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university microgrid
One of the aims of the Philadelphia university microgrid project was to take part in demand response programmes

In a case study of a microgrid installation on a university campus in Philadelphia, engineering company Burns Engineering describes the challenges of the US$1 million project.

Temple University, which occupies a 105-acre urban campus with plans for development through 2020, wanted to improve its capability to identify power outages, monitor electricity usage, study peak demand, and to participate in demand response with the regional transmission organisation, reports Consulting-Specifying Engineer.

The university also needed new electrical infrastructure throughout the campus, without interruptions to the school, students, faculty, and related operations.

The project presented the challenge and opportunity to engineer a new model for the modern campus microgrid, reports the trade magazine.

University microgrid

Burns worked with Temple University and collaborated with major stakeholders like the local utility, PECO, to plan and design a campus electrical-infrastructure modernisation that would result in providing the university with its a microgrid with the capacity, resilience, and operational flexibility required to support Temple’s campus.

The modern microgrid includes more than 14 miles of underground cables, two large utility-service substations, and a 16-MW central generating facility.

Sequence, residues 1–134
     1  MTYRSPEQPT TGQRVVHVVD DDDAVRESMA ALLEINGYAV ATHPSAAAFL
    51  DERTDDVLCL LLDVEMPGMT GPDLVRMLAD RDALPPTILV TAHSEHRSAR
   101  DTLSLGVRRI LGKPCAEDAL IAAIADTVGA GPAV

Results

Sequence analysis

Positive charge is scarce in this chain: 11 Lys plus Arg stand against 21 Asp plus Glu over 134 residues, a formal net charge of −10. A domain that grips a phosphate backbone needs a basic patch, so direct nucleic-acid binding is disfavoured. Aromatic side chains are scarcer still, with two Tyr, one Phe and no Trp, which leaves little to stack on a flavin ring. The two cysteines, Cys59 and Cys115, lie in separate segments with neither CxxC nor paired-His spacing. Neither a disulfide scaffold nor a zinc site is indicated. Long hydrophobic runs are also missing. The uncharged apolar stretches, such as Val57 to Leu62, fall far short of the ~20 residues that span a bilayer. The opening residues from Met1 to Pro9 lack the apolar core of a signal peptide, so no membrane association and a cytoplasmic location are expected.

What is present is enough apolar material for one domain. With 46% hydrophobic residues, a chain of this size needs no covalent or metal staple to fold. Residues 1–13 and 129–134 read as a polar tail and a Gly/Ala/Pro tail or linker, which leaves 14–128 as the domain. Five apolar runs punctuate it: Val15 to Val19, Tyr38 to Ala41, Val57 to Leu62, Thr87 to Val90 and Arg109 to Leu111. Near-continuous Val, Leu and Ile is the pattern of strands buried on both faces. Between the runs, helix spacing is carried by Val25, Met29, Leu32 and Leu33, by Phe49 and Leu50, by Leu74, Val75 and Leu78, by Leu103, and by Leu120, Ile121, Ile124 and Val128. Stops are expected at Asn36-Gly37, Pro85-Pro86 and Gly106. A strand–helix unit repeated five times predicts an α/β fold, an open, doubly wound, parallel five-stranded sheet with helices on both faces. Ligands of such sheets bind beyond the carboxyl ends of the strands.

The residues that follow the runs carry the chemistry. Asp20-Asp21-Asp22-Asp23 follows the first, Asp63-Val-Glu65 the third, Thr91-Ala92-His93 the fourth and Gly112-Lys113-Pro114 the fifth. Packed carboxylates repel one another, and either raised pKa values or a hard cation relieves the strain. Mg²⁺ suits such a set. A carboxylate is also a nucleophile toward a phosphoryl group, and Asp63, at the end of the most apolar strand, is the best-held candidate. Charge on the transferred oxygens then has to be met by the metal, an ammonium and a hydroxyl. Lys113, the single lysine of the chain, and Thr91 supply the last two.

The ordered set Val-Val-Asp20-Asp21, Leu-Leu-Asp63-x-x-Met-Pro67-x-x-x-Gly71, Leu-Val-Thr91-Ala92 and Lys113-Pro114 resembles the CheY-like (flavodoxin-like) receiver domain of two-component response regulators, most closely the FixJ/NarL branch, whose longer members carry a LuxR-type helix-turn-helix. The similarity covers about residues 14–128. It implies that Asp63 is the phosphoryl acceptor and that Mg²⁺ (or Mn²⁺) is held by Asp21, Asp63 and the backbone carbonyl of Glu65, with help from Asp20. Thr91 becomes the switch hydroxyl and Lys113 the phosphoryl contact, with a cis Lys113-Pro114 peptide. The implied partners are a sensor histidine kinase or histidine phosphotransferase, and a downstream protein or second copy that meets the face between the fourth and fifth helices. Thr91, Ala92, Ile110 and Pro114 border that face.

Energy management

The project included a new power-monitoring system that displays the near real-time power use across the system.

This enables Temple to identify outages in the system and quickly work to get power back to those areas on campus.

It also is used as an energy-management tool showing and recording the electricity usage and peak demand for each of the incoming utility lines and temple feeders.

With this data, Temple can make near-real-time decisions to run the generation facility to minimize their external peak demand, participate in demand response with PJM creating additional revenue for the university, or reduce loads on the system.

In the report, Burns claims it phased the cutovers for all five utility lines, two generator plant ties, and more than 20 temple feeders without impacting the daily life of Temple’s student body and surrounding community.

The new microgrid included more than 3,500 ft of 12-way concrete-encased ductbank, more than 14 miles of 500-kcmil 15-kV cable, more than 200 new 15-kV splices and modular connections, more than 125 new 15-kV terminations, and 42 new 15-kV vacuum circuit breakers.